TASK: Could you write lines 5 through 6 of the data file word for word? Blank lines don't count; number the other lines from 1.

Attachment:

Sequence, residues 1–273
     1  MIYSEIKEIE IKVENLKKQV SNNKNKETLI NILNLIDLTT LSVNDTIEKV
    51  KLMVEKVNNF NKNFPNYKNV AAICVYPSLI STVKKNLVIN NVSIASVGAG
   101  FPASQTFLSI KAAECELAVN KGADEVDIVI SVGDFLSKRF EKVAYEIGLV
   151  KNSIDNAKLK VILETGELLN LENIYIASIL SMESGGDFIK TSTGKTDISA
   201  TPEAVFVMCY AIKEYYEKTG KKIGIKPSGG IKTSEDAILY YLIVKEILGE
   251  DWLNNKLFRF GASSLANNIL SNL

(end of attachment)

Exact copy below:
   151  KNSIDNAKLK VILETGELLN LENIYIASIL SMESGGDFIK TSTGKTDISA
   201  TPEAVFVMCY AIKEYYEKTG KKIGIKPSGG IKTSEDAILY YLIVKEILGE